Camelina sativa (Gold of pleasure)
Camelina sativa belongs to the family Brassicaceae. This plant is native to Eastern Europe and Southwest Asia, where there are also wild weedy forms. The developed crop form was widely grown across Europe until the 1950s. The seeds yield an oil of excellent nutritional quality which in the past was used as an illuminant and for cosmetic purposes, while the stems were utilized for making brushes, packaging, and thatching temporary buildings. There were additional uses of the green crop as fodder and of the seed for fattening poultry, while the protein-rich press cake was a valued livestock food. Small areas have been grown in recent years for use in the soap and cosmetic industries and as a constituent of birdseed. Experiments are being conducted to assess its future potential.
Summary of the invention
The present invention discloses a general method for transformation of Camelina sativa using Agrobacterium. Independent Claim 1 is not limited in the sort of explant used for transformation. The only limitation seems to be that an explant is used as starting material, which could mean that full plants are excluded from protection.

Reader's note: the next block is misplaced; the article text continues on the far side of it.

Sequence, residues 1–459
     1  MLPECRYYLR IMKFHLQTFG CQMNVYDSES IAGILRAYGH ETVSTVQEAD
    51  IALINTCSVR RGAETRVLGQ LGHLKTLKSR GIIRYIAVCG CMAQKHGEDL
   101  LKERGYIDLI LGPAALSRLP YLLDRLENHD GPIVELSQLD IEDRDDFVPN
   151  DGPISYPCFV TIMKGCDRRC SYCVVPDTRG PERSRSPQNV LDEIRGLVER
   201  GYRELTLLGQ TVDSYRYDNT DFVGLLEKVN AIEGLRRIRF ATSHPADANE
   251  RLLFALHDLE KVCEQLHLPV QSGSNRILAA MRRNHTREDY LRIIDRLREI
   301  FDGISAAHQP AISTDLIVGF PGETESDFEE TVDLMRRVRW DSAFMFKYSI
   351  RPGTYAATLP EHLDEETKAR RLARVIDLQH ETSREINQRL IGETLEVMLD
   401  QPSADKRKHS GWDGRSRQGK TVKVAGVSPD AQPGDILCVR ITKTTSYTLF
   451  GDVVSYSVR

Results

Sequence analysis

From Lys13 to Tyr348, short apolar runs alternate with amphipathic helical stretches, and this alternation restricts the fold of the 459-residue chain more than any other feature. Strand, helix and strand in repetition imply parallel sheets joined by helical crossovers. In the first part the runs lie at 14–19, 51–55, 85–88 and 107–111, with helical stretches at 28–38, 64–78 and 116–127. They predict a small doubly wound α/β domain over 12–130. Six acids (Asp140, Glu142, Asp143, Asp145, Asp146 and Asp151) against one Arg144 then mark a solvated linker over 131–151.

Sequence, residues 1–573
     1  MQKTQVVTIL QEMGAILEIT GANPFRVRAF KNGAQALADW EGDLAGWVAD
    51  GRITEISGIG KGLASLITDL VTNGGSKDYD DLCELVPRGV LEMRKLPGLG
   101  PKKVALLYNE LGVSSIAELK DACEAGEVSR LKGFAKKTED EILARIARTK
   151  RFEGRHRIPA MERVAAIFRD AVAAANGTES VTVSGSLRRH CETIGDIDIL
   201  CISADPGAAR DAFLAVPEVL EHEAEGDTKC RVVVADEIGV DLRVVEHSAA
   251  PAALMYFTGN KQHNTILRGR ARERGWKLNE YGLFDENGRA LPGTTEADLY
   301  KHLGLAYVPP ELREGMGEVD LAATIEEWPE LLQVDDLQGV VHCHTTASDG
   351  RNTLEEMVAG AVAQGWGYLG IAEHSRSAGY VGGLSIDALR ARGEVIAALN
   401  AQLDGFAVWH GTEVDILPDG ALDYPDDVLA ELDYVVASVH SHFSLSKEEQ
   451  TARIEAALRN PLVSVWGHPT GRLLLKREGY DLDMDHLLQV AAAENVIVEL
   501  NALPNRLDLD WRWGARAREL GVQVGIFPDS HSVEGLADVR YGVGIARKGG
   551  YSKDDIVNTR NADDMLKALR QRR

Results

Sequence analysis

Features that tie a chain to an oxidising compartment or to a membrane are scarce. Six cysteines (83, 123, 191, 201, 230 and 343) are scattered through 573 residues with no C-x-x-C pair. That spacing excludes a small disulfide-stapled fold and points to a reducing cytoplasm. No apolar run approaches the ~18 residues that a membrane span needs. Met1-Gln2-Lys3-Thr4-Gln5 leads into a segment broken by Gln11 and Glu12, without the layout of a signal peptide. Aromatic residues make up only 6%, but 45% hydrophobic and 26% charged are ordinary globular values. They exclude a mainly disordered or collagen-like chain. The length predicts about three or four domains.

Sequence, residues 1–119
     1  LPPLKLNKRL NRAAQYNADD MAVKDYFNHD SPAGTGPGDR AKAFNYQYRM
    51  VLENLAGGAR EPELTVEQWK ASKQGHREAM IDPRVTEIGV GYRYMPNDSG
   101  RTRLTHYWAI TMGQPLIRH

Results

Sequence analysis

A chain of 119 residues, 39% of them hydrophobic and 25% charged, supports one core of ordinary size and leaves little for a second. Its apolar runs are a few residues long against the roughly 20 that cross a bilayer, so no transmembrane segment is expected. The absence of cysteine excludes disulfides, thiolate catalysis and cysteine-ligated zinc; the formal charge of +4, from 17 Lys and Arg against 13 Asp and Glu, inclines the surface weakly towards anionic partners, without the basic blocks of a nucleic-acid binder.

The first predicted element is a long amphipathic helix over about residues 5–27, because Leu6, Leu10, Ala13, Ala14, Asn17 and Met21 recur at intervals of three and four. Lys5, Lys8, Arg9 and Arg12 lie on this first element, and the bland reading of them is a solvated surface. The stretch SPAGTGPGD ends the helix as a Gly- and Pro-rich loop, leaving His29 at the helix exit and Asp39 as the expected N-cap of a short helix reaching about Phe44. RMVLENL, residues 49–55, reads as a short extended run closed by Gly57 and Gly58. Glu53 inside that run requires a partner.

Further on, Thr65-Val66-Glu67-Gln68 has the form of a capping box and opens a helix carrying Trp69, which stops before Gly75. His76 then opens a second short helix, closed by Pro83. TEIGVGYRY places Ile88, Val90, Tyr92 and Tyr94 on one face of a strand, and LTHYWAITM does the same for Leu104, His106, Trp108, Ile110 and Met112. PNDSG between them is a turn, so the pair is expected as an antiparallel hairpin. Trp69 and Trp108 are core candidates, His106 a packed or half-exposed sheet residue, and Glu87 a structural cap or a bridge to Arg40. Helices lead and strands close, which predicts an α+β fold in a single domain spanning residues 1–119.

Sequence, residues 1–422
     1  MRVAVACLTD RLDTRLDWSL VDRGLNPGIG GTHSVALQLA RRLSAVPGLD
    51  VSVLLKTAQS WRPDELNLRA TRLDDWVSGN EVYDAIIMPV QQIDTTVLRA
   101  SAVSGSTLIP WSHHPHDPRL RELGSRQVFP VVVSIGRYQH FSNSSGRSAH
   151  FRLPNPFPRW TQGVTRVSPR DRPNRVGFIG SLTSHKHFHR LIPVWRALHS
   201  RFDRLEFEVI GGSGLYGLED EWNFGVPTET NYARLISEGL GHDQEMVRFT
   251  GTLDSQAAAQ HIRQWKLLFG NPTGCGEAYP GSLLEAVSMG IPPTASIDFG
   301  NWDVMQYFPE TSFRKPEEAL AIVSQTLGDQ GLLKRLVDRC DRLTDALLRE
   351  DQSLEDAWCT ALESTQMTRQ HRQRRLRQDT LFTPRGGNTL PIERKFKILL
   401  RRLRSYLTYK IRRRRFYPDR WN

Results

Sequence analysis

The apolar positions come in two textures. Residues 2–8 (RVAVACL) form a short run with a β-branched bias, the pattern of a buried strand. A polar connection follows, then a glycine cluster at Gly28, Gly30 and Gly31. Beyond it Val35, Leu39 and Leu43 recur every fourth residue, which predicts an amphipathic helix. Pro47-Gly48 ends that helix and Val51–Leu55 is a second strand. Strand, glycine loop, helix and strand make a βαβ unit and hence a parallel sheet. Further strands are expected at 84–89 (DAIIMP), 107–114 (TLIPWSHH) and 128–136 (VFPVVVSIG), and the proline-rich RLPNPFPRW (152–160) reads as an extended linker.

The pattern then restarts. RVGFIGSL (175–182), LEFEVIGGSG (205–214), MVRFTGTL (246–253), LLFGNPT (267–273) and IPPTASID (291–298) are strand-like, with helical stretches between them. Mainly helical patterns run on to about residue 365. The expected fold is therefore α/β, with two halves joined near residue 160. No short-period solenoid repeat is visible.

Independent Claims 27-30 recite broad claims on various industrial application of the genetically modified plant, which is seen as having potential for the production of a number of metabolites and products.
Naturally, this patent application must be viewed in the light of the many other patents on Agrobacterium-mediated transformation, including general methods, methods for dicots and vectors.
Specific Patent Information
|Patent Number||Title, Independent Claims and Summary of Claims||Assigne|
WO 2002/38779 A1
|Title – A transformation system in Camelina sativa
Agrobacterium-mediated transformation of Camelina sativa explants and the subsequent regeneration of the transformed cells into whole Camelina sativa plants. The use of transgenic Camelina sativa for the production of homologous or heterologous recombinant products are also claimed.
According to the specification, the term “hormone” in claim 1 ‘means organic compounds or molecules originating in certain parts or organs of a plant, which compounds when transported to another tissue elicit a certain response. Plant hormones are active preferably in small concentrations and can be used in different combinations. The major classes of plant hormones are auxin, gibberellins, cytokinins, ethylene, and abscisic acid, each of which has many effects. Also a variety of other compounds including oligosaccharmns, batasins and brassino steroids function as hormones in plants.‘
Note: Patent information on this page was last updated on 14 March 2006.